Talent: Gen Z and the four-day workweek

By Robert Willock, MENA director

For those of you unfortunate enough to miss our event last week on Talent: Gen Z and the Four-Day Working Week, I thought I should provide an update.

The feeling I got from the senior executives in the room on Thursday was that, if a private-sector four-day working week is going to be initiated anywhere in the world, it will be here in the UAE.

The country’s public sector workers are already working a 4.5-day week, since the weekend changed from Friday-Saturday to Saturday-Sunday at the start of 2022, to accommodate Muslim Friday prayer time. And Sharjah’s government employees don’t work on Fridays at all, in a move that the emirate’s executive council claims has led to significant improvements in staff happiness, mental health, attendance, communication, creativity and productivity. 

That might come as a surprise to many of the respondents to our recent EICN talent survey, the results of which I presented last week in this slide deck. Concerns about a negative effect on productivity were one of the main reasons given by senior business leaders for not considering a four-day working week, alongside competitive pressures and the sense that the nature of their business simply wouldn’t allow it.

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But as automation and artificial intelligence promise to create significant efficiencies in many spheres of work, is it not reasonable to think that businesses could either employ fewer people, or the same number of people for fewer hours?

This is certainly in line with the thinking of the next generation of employees – Generation Zs. Some 83% of the Gen Zs responding to our survey said they would prefer to work four days a week rather than five. Meanwhile, 81% of business leaders who currently operate a five-day working week said they are not considering operating a four-day working week, though that number falls to 74% among business leaders in the Middle East and Africa. So a quarter of ‘you’ are considering it, either permanently or as an experiment.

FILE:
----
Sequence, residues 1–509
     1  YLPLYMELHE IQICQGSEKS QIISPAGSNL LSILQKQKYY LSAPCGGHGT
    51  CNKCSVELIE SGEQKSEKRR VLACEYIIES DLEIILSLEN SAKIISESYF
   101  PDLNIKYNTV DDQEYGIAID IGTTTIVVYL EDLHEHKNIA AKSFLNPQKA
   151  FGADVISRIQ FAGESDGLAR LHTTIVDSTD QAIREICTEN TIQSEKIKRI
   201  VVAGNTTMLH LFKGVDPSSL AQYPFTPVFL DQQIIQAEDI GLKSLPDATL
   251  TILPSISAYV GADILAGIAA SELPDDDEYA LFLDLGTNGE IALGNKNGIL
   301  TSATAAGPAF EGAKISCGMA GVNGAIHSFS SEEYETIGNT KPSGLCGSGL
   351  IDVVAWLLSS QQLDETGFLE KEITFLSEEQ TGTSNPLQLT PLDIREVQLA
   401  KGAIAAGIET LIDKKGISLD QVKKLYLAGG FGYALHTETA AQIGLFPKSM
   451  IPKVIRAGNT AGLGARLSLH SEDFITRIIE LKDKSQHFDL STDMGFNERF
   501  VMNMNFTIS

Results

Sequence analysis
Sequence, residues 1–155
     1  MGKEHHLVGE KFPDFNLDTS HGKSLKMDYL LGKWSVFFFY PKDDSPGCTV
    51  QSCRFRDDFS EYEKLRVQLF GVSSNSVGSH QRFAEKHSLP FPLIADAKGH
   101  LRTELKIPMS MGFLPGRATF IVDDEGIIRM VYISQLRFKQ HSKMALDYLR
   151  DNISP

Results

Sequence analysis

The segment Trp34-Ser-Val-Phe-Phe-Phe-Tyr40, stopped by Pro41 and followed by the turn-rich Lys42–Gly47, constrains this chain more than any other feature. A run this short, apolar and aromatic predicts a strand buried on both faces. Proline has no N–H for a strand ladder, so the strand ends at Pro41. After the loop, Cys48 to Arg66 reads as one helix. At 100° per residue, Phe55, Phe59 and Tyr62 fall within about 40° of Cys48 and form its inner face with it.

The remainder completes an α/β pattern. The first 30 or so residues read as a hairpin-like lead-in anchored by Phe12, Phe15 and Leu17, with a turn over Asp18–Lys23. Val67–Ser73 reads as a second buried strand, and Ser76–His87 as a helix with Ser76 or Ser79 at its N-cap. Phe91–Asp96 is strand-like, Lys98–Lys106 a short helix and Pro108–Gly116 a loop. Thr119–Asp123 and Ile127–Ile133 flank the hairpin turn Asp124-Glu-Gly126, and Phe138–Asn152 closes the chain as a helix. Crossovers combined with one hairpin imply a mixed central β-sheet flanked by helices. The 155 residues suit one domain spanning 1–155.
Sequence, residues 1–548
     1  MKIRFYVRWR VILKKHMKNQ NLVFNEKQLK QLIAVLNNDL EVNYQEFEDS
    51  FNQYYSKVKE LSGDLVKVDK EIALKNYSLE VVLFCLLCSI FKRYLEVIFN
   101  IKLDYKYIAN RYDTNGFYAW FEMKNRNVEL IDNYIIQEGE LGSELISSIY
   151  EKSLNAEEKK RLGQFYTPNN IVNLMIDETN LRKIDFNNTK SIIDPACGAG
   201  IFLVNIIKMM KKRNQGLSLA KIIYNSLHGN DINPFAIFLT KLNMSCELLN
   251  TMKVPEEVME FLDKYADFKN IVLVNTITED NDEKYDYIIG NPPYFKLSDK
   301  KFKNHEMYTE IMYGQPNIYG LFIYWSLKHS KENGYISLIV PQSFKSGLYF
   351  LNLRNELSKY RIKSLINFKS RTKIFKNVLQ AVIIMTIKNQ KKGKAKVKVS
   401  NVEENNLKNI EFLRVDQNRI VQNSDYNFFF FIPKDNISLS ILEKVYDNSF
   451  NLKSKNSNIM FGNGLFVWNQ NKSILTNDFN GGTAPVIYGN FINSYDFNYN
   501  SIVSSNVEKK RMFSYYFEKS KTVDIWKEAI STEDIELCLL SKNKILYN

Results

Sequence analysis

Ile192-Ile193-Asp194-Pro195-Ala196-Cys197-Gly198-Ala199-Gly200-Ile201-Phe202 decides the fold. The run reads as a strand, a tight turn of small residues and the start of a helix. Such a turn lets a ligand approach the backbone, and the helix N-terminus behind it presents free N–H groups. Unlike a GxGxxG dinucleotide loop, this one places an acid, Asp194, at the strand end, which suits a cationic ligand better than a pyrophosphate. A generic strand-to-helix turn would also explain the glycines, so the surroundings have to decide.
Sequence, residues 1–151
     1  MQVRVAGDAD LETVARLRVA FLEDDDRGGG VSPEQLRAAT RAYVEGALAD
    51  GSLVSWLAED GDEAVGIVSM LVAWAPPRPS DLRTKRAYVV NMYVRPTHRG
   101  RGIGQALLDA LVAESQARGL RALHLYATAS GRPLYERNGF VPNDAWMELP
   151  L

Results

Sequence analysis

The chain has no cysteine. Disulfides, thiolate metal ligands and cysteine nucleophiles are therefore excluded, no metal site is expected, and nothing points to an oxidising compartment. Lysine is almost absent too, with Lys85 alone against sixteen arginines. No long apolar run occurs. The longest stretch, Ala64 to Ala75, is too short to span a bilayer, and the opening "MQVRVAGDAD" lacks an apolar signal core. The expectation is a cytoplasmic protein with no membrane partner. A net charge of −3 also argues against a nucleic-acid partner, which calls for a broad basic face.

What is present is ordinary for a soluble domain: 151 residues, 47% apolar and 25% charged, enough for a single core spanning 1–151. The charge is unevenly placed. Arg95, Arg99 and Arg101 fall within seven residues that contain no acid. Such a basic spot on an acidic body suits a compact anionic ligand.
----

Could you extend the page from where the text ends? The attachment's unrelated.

We all know the one thing that will force the issue, as it did with the weekend change. If UAE schools move to a four-day week, the private sector will almost invariably have to follow! Which would also potentially remove some of those competitive concerns – or the “first-mover disadvantage”, as it was characterised. “We’d prefer not to take the lead with this experiment,” was one comment from a survey respondent.

“But what if it proved to be a significant first-mover advantage?” was the counterpoint. After all, among the small proportion of businesses that operate or have experimented with a four-day working week (about one in 12), 80% consider the initiative to have been a success. The top three measured benefits were reported as: a happier workforce; improved staff retention; and higher levels of productivity.

I sensed that our discussion on this topic last week could have gone on for a long time, so thank you to my excellent panelists Tarek Lotfy of Mercer, Betül Yalçın Emlek of KFC, Matthew Lewis of Russell Reynolds Associates and Monica Hernandez Alarcon of General Motors for sharing their great insights. 

I’d be fascinated to continue this debate with EICN members, so please do provide me with your own thoughts on this subject, especially if you are operating, experimenting with or considering a four-day working week in your own business.

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